Japan launches massive stimulus package

Shinzo Abe: Bad guy done good?

The Japanese government has approved a massive emergency stimulus package, worth ¥10.3trn (£71.5bn), aimed at restoring growth in the long-stagnant economy.

The package will be used to fund infrastructure investment, disaster mitigation projects, subsidies for companies which invest heavily in research and development, and financial aid to small businesses. The government hopes to raise growth by 2 percentage points, as well as add over half a million jobs to the economy.

The prime minister, Shinzo Abe, also made clear again that he is planning to exercise far more direct control over Japanese monetary policy than is conventional. Before Abe was elected, he announced that the BoJ should embrace "unlimited easing" and cut interest rates below even the 0.1 per cent paid on deposits "to strengthen pressure to lend".

Today, Abe reiterated that pressure, telling a press conference:

We will put an end to this shrinking, and aim to build a stronger economy where earnings and incomes can grow. For that, the government must first take the initiative to create demand, and boost the entire economy.

Abe has no qualms with wild policy. Last week, he "nationalised" industrial stock in Japan, buying private infrastructure with public funds in order to force the pace of investment in the country.

It seems quite clear that Abe is prepared to use every possible channel available to him to push for a return to growth in Japan. The results have been positive so far; bond yields have stayed low, while the yen has finally dropped (which might be bad for the country's elderly, but is very good for its economy overall).

Paul Krugman argues that all of this success isn't exactly on purpose. It bears more hallmarks of Abe –  "a nationalist, a denier of World War II atrocities, a man with little obvious interest in economic policy" – doing exactly the opposite of what he's told to do based purely on his contempt for learned opinion:

It will be a bitter irony if a pretty bad guy, with all the wrong motives, ends up doing the right thing economically, while all the good guys fail because they’re too determined to be, well, good guys. But that’s what happened in the 1930s, too…

On the 22nd, the Bank of Japan will meet, and we'll see how much it listened to Abe. If it does follow his requests/demands for aggressive monetary policy, the country will solidify its reputation as one to watch in the immediate future.

Shinzo Abe. Photograph: Getty Images

Alex Hern is a technology reporter for the Guardian. He was formerly staff writer at the New Statesman. You should follow Alex on Twitter.

Photo: Getty
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Who will win the Copeland by-election?

Labour face a tricky task in holding onto the seat. 

What’s the Copeland by-election about? That’s the question that will decide who wins it.

The Conservatives want it to be about the nuclear industry, which is the seat’s biggest employer, and Jeremy Corbyn’s long history of opposition to nuclear power.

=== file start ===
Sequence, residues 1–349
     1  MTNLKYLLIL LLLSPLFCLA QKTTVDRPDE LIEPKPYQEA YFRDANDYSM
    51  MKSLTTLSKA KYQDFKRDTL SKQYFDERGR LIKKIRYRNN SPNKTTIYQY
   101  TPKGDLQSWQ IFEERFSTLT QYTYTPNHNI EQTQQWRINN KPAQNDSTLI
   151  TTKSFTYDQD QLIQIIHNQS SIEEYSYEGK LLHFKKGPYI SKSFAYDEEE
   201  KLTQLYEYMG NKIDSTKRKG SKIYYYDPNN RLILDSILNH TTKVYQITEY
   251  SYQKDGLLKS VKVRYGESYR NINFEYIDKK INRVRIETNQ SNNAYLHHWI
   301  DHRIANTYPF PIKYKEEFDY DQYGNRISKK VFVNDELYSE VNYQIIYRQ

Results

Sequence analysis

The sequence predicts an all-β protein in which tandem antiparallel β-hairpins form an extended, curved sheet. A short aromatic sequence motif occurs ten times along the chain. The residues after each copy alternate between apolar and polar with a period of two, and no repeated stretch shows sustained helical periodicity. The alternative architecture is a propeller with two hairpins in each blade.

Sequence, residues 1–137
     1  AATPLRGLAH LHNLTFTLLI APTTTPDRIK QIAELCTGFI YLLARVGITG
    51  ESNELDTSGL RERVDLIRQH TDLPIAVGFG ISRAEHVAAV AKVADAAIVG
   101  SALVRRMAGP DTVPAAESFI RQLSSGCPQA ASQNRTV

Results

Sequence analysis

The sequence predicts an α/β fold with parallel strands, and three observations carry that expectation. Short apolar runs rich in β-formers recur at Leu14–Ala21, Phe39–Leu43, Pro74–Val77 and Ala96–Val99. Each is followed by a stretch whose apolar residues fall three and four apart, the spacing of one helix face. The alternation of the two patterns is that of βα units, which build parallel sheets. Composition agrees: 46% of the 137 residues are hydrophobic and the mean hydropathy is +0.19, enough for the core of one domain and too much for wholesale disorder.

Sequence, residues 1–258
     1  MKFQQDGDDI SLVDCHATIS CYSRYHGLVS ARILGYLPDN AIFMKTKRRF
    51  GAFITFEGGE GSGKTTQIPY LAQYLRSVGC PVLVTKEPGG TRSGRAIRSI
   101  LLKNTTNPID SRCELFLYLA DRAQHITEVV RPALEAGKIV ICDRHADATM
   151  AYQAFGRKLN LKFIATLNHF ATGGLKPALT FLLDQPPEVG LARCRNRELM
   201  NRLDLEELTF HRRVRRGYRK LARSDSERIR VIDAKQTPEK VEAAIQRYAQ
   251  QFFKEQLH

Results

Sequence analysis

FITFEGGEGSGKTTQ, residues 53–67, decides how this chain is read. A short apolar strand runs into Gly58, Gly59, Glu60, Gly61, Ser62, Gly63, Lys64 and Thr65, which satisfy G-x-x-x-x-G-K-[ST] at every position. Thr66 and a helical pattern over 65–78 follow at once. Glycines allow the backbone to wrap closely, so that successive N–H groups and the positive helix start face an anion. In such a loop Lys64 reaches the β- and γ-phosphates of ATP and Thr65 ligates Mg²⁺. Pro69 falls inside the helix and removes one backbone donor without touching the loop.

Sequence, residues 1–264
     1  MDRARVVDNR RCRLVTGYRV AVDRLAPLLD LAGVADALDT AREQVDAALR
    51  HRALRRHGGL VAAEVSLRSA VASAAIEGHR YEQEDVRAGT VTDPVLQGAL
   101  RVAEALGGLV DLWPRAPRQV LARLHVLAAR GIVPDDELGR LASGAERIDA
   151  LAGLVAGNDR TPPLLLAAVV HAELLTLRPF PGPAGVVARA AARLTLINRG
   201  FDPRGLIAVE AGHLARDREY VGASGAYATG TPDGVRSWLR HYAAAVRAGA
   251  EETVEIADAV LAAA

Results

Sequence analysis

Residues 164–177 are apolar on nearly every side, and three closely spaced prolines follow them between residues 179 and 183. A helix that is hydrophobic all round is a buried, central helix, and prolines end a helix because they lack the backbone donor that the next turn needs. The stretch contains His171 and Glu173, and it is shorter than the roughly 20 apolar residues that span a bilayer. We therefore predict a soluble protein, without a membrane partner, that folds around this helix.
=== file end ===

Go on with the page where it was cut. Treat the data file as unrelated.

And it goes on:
Labour want it to be about the difficulties of the NHS in Cumbria in general and the future of West Cumberland Hospital in particular.

Who’s winning? Neither party is confident of victory but both sides think it will be close. That Theresa May has visited is a sign of the confidence in Conservative headquarters that, win or lose, Labour will not increase its majority from the six-point lead it held over the Conservatives in May 2015. (It’s always more instructive to talk about vote share rather than raw numbers, in by-elections in particular.)

But her visit may have been counterproductive. Yes, she is the most popular politician in Britain according to all the polls, but in visiting she has added fuel to the fire of Labour’s message that the Conservatives are keeping an anxious eye on the outcome.

Labour strategists feared that “the oxygen” would come out of the campaign if May used her visit to offer a guarantee about West Cumberland Hospital. Instead, she refused to answer, merely hyping up the issue further.

The party is nervous that opposition to Corbyn is going to supress turnout among their voters, but on the Conservative side, there is considerable irritation that May’s visit has made their task harder, too.

Voters know the difference between a by-election and a general election and my hunch is that people will get they can have a free hit on the health question without risking the future of the nuclear factory. That Corbyn has U-Turned on nuclear power only helps.

I said last week that if I knew what the local paper would look like between now and then I would be able to call the outcome. Today the West Cumbria News & Star leads with Downing Street’s refusal to answer questions about West Cumberland Hospital. All the signs favour Labour. 

Stephen Bush is special correspondent at the New Statesman. His daily briefing, Morning Call, provides a quick and essential guide to British politics.